On 2 February 2016, the European Commission announced with some delay an agreement with the United States on a new framework for transatlantic data flows called the EU-US Privacy Shield. The new regime is based on: (a) strong obligations for companies handling Europeans` personal data and firm application; (b) clear guarantees and transparency obligations for U.S. government access; (c) effective protection of the rights of EU citizens, with several options for redress (including a mediator). On 19 January 2016, the US Chamber of Commerce issued a letter to President Obama, the Presidents of the European Commission and the Council, and the leaders of the 28 Member States of the European Union, in collaboration with BUSINESSEUROPE, DIGITALEUROPE and the Information Industry Council, in which they stressed the urgent need to reach agreement on a new secure data transfer mechanism and to ensure long-term security for companies of all sizes, which depend on the flow of data and information in the Atlantic. On 6 October 2015, the European Court of Justice issued a judgment declaring the European Commission`s 2000/520/EC decision of 26 July 2000 « regarding the adequacy of the protection of safe harbor principles and the frequently asked questions by the US Department of Commerce » « invalid ». Under this decision, the US and EU Safe Harbor framework is not a valid mechanism for meeting EU data protection requirements when transferring personal data from the European Union to the Us. In a non-binding preliminary opinion last month, the Court`s General Counsel, Yves Bot, went far beyond the court issue and said that data protection authorities should investigate not only complaints, but also the fact that the Safe Harbor Agreement was not valid because it offered insufficient protection. EU law requires companies that export citizens` personal data to do so only in countries with a similar level of legal protection for such data. In the case of the United States, the exchange of personal data is covered by the Safe Harbor Privacy Principles, which the European Commission described as adequate protection in July 2000.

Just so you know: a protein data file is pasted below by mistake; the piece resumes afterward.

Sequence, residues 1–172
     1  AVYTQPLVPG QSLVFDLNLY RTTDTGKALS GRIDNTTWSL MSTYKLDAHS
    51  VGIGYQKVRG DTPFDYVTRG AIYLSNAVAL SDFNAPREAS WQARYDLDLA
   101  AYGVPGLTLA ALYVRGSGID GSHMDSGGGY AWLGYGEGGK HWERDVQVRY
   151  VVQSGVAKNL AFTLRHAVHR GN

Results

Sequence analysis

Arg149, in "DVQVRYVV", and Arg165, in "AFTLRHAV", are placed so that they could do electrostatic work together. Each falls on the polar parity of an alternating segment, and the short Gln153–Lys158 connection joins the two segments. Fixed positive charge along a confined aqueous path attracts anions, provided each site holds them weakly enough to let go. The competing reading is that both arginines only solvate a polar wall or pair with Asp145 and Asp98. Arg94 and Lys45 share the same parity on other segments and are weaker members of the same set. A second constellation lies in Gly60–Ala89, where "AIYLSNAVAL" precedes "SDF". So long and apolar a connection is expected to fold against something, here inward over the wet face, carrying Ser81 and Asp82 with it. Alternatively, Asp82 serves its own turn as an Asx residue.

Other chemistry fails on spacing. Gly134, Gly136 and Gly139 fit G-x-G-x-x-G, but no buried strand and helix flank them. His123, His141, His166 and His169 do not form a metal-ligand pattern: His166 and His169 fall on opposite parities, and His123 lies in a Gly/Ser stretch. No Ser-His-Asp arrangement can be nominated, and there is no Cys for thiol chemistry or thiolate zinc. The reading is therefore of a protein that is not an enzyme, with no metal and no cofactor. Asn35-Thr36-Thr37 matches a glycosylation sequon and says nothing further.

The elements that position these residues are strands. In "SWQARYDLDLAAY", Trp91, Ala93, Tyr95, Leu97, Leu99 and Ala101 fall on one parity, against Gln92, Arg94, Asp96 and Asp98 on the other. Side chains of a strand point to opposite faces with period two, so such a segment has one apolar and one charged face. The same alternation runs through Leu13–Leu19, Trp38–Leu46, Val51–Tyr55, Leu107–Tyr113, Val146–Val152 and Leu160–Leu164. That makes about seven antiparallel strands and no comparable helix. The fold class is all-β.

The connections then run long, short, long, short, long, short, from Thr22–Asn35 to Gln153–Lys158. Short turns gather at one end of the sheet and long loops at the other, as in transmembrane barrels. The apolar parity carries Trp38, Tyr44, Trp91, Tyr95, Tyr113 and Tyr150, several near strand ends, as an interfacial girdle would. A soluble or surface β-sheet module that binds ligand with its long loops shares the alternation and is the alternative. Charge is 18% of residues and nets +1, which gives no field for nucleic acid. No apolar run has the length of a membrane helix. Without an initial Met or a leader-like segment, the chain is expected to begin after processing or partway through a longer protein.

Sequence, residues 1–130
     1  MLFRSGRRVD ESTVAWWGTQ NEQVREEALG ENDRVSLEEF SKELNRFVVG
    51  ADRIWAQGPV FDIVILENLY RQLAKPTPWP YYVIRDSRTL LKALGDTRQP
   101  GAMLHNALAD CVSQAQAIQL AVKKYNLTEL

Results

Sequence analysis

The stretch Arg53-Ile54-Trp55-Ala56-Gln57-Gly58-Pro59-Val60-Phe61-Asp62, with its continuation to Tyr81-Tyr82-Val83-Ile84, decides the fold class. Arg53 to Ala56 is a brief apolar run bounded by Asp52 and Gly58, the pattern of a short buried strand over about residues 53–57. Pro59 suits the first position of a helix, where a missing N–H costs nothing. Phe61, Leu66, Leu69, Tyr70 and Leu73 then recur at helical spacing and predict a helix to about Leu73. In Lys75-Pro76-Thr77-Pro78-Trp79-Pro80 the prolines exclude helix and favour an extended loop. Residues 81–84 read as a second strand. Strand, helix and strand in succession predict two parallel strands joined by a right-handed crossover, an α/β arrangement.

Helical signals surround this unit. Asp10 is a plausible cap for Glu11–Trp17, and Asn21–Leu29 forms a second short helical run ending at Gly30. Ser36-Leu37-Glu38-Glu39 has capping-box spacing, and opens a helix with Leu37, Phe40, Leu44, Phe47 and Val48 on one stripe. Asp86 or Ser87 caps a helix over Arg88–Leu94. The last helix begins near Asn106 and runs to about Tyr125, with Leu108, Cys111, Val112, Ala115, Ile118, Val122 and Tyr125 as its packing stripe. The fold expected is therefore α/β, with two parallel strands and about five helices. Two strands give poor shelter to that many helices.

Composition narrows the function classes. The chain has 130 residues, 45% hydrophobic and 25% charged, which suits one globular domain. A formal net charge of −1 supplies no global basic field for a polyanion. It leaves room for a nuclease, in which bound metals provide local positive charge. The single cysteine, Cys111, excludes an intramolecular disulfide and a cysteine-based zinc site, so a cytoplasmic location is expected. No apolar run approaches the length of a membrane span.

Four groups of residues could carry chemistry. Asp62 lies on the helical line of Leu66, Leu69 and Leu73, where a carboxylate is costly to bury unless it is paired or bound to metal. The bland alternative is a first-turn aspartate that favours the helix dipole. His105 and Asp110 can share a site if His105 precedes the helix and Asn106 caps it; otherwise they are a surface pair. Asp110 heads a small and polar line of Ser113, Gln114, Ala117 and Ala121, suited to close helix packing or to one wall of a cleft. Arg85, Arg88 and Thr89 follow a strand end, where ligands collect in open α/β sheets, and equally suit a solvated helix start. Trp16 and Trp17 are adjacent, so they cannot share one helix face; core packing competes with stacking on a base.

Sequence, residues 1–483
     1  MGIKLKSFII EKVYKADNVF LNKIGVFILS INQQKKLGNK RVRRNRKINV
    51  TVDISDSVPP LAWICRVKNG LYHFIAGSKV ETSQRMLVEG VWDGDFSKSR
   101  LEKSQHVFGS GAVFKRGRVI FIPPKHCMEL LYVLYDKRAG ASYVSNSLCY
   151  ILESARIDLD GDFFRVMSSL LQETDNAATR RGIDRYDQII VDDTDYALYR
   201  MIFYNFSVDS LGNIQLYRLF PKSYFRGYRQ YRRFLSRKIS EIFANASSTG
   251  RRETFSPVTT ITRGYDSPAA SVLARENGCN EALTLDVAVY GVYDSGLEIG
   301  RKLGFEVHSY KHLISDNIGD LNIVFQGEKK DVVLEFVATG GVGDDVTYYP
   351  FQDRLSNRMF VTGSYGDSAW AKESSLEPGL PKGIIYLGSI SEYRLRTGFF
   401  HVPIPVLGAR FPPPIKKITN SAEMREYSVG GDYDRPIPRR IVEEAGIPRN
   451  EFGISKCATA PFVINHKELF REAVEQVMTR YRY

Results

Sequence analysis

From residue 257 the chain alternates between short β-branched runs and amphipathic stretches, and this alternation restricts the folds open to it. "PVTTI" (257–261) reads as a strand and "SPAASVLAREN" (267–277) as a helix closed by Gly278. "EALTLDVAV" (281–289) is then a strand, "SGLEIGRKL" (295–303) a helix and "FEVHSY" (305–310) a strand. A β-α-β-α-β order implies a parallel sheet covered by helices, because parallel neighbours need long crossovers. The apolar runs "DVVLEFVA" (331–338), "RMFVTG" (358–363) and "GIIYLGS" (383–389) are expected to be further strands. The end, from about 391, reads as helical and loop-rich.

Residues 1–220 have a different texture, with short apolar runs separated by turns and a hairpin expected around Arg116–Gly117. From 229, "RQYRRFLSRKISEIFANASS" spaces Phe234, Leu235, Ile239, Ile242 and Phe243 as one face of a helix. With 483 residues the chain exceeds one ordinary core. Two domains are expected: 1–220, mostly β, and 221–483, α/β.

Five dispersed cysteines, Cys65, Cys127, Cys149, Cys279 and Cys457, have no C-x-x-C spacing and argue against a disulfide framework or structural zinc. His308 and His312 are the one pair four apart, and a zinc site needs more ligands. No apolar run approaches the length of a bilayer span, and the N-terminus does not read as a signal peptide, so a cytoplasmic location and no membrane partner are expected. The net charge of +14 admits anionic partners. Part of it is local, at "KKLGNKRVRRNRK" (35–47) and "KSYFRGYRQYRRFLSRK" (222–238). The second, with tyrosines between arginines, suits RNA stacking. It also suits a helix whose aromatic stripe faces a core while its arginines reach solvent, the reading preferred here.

Companies that refer to the Safe Harbor Agreement to transfer personal data from the EU to the US could now engage in illegal activities. On 8 September 2015, the European Commission publishes a brochure on frequently asked questions about the Umbrella Agreement, which aims to establish a high-level data protection framework for EU-US law enforcement cooperation. The agreement includes all personal data exchanged between the EU and the US and the necessary security measures for the prevention, detection, investigation and prosecution of criminal offences, including terrorism. On January 25, 2016, the Electronic Privacy Information Center (EPIC) finally succeeded in forcing the U.S. Department of Justice (DOJ) to publish the entire text of the EU-U.S. agreement. EPIC sued the DOJ last year after the Agency failed to respond to EPIC Freedom of Information Act`s request for the secret agreement.